What Next After Nazarbayev? | Institute for War and Peace Reporting

IWPR SPOTLIGHT

What Next After Nazarbayev?

The surprise resignation of President Nursultan Nazarbayev, Kazakstan’s sole leader since independence, sent shockwaves through the region. As speculation over his successor mounts ahead of elections scheduled for 2020, IWPR looks at his legacy and the country’s possible future direction.

Nazarbayev has been running Kazakstan since 1989. © ru.sputniknews.kz

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Nazarbayev Resigns, But This is Not Goodbye

The veteran leader is in no rush to give up real authority.

By Timur Toktonaliev | 20 Mar 19

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INTERVIEW
Nazarbayev Plans His Legacy

How will Kazakstan’s leader be remembered for his 30 years in power?

By Timur Toktonaliev | 21 Mar 19

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COMMENT
Kazakhstan: The Power Behind the Throne

A surprise transition which may have been planned for a long time.

By Askar Mukashev | 26 Mar 19

Nursultan Nazarbayev © akorda.kz
Nazarbayev’s Continued Role

Although he has retired, Nursultan Nazarbayev has ensured he will remain a key political figure. These are the posts that the ex-president of Kazakhstan continues to hold.

  1. First president – Yelbassy
  2. Chair of the Security Council of the Republic of Kazakhstan
  3. Head of Samruk-Kazyna fund
  4. Chair of the Nur Otan party
  5. Member of the Constitutional Council of the Republic of Kazakhstan

Yelbassy

The On the First President of Republic of Kazakhstan –Yelbassy law provides Nazarbayev with a package of guarantees and rights, including: absolute immunity for actions both during his presidency and afterwards; immunity of all assets and family members; state protection of residential and non-residential premises; use of almost all state services (communication, transportation, healthcare, medical treatment, etc). For more details, please follow the link.

Security Council of the Republic of Kazakhstan

A new law adopted in 2018 changed the Security Council from an advisory to a constitutional body. The law was then amended further to increase the powers of the Council and to secure the life-long chairmanship of the first president.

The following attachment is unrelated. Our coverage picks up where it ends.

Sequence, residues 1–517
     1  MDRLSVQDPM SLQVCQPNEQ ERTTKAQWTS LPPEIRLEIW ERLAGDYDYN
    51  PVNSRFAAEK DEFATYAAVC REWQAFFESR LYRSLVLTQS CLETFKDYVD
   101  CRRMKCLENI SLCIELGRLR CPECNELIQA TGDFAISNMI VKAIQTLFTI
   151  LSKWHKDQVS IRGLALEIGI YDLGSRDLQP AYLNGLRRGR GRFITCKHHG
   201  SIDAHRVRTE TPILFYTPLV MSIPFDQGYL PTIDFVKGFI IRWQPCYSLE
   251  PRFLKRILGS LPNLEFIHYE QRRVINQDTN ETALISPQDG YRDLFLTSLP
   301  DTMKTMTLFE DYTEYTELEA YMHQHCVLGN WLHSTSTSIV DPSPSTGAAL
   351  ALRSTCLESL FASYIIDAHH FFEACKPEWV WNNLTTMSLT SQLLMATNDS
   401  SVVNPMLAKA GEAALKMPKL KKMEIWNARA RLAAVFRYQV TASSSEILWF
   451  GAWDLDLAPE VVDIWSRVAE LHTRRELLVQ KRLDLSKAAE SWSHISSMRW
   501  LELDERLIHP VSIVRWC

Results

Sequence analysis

The Security Council coordinates both the foreign and domestic policy of Kazakhstan. Decisions made by the chair of the Security Council must be implemented by the incumbent president, who can be only an ordinary member of this agency for as long as the Yelbassy lives. Moreover, the Security Council discusses candidatures for the posts of chief executives of the General Prosecutor Office, National Security Committee, ministries of foreign affairs, defence, interior affairs, justice, Foreign Intelligence Service and the financial monitoring committee of the ministry of finance.  The members of the Security Council are appointed by the president as agreed with the body’s chair.

Samruk Kazyna Fund

This is a large Kazakhstan-based business structure, whose only shareholder is the government of the Republic of Kazakhstan. The fund invests in numerous strategically important entities; it has portfolios in Air Astana, Kazatomprom, KazMunaiGaz, Kazpochta, Kazakhtelecom and others.

According to a 2010 law, the Board is headed by Nazarbayev. This fund is the most significant component of the economy of Kazakhstan. In 2018, the share of Samruk Kazyna Fund and a group of portfolio companies in the Kazakh economy was an incredible four trillion tenges (10.5 billion dollars), nearly seven per cent.

Nur Otan party

Nazarbayev retains the permanent status of the chair of the Nur Otan party, the dominant force in the parliament of Kazakhstan.

Constitutional Council of the Republic of Kazakhstan

Membership in this body means that the “Leader of the Nation” is fully involved in the approving laws, controling presidential and parliamentary elections and holding referendums.